The New York Times published an article detailing experiences of middle school-age children (roughly ages 11-14) who were open about their sexuality. Chris Stump of Exodus Youth responded with this article. In the Times article, we learn that while some might not experience their gradeschool years free of conflict concerning their sexuality, they are much more likely to be accepted or simply left alone about their orientation. These kids date, have boyfriends and girlfriends, and can talk openly about their crushes – no matter their gender – with their friends and peers. One 13-year-old who came out did so because when he realized he was attracted to other boys, he did not want to go through a period of miserable isolation. He chose instead to be sexually honest and open about his attractions. In response, several of his girl friends told him they were bisexual.

Stump, of course, has concerns:

Instead of celebrating the earlier embrace of a gay identity, we need to be cautious and concerned. Embracing an identity based on feelings as an 11-13 year old child, whose brain is still developing and hormones are raging, is jumping the gun.

But the point of the article isn’t that kids are solidifying their “identity” at an early age – it’s that they can be honest about their attractions at the onset of puberty, when their exclusively heterosexual peers are experiencing the same “raging hormones” and often confusing feelings. But rather than pretend they too are exclusively opposite-sex-attracted, they can talk about their same same-sex-attractions as if they too were normal. And for the most part, they have been able to find an ever-growing, accepting environment.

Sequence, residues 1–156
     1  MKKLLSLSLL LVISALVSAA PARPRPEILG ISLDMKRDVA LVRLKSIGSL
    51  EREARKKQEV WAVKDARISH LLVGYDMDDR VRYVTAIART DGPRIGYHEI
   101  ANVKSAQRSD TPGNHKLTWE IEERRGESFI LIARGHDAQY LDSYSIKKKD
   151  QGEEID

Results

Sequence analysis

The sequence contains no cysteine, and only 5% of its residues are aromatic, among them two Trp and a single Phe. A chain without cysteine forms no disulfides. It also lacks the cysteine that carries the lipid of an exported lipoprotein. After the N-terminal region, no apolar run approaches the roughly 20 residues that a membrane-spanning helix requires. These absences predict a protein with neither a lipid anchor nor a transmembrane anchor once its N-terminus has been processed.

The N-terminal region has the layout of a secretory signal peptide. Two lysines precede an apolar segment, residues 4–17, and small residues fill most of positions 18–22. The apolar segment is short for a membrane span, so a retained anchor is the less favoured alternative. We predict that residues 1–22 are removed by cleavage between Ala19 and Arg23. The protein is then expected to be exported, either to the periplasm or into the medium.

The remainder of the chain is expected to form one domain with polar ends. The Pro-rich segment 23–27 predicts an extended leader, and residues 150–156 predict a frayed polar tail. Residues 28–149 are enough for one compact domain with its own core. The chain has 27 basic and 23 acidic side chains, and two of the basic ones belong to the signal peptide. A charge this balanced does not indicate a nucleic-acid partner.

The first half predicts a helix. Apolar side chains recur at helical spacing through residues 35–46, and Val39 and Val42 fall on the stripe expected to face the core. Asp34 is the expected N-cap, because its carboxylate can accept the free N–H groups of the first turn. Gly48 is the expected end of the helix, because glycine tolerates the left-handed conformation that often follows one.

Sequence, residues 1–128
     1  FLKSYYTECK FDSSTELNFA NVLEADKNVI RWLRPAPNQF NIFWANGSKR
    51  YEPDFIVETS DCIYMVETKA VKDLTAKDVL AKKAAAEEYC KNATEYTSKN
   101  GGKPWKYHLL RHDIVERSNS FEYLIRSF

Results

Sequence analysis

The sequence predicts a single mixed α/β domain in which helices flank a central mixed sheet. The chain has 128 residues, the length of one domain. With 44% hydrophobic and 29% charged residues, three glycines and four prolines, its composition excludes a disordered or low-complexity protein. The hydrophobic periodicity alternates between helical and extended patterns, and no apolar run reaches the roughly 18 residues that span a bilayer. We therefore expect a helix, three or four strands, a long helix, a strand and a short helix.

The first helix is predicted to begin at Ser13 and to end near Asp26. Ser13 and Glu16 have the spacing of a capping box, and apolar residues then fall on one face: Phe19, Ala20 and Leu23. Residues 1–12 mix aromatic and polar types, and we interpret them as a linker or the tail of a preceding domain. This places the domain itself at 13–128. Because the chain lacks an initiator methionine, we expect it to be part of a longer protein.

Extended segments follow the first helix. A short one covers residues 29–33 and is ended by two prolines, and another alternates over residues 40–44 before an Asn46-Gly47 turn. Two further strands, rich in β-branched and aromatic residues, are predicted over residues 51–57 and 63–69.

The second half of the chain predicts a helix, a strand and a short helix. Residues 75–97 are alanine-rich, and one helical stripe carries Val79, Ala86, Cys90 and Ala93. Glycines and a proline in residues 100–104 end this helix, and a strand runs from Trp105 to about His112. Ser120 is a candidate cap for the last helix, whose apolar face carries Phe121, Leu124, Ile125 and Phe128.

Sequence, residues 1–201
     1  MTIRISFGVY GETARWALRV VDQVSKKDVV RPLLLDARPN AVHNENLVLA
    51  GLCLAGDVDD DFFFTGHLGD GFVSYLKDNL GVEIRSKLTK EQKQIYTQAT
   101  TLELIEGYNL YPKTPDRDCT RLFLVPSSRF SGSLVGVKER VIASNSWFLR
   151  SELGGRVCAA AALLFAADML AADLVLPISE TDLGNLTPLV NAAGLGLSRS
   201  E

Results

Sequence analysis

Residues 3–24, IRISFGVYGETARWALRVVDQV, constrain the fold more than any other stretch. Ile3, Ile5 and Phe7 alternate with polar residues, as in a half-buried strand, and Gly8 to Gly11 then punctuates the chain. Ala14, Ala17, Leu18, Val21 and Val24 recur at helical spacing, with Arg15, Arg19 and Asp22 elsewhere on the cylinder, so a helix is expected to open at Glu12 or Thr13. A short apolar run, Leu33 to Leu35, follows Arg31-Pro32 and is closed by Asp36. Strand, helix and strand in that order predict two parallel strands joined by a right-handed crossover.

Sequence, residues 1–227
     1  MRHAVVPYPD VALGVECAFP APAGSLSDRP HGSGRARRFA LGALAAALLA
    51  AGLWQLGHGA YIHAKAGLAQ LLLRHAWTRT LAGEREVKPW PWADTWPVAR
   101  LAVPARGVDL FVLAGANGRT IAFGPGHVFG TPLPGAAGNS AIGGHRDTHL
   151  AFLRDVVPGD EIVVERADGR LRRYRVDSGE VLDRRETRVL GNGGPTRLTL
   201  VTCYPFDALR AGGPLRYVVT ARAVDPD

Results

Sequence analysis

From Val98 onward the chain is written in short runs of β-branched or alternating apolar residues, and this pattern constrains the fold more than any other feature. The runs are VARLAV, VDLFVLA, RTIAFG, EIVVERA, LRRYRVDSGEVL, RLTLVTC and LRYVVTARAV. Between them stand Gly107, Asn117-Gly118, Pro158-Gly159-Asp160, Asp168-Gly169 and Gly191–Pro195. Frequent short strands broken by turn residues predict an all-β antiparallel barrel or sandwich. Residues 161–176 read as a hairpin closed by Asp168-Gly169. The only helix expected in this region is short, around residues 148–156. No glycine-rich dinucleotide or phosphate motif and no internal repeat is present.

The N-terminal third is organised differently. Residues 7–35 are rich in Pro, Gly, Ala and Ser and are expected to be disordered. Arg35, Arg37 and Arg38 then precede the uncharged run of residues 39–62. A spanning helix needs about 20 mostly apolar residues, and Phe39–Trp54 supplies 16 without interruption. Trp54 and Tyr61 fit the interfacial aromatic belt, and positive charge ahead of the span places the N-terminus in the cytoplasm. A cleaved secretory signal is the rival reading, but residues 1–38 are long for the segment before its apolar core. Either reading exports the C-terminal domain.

Stump also expressed annoyance at the author’s mention of “sexual fluidity.”

Another thing that stuck out to me was when the author mentioned fluidity in sexuality. So many in the secular world agree with the idea that sexuality is a fluid thing. But how is it so hard to embrace the idea of people moving from a homosexual identity to a post-homosexual identity? That’s just another “expression” of sexuality being fluid. But, yet, it is scorned and ridiculed for being absurd.

The difference between someone’s naturally experienced sexual fluidity and “embracing a post-homosexual identity” is that one happens with ease in some individuals as a natural part of the human experience, while the other is a “journey in Christ” that consists of years, even decades, of fruitless efforts to deny or change one’s sexual attractions. The ex-gay “struggle” with same sex attractions is often stated as simply a part of the “journey.” One must also remember that sexual fluidity is a two-way street. One’s sexual flexibility can bend in either direction – which means that one could “switch” from mostly same sex to mostly opposite sex attractions, and also back again. But most of those who seek out ex-gay treatment are same-sex attracted individuals who want to actively change their homosexuality by adhering to specific religious principals, and sometimes engage in harmful “reparative therapy.” Sexual fluidity may occur in some human beings, but it is also not something that can be taught or adopted. If your sexuality isn’t fluid, it simply isn’t fluid.

The Times article highlights a hopeful time in queer history where children going through puberty can be honest about their attractions to any of their peers, not just the ones they are “supposed” to be attracted to. And while the middle school years can still be chaotic and filled with prepubescent torture, at least the burden on gay youth to keep closeted seems to be lessening. It’s one more adolescent struggle that kids can go through together rather than miserably thinking they are the only ones. And in light of the Kevin Jennings stories circulating, including one on the Exodus blog that is highly critical, Exodus Youth should realize that providing a safe environment for teens to be able to talk about their same-sex attractions with their peers will help prevent situations like the one Jennings faced so many years ago from happening.

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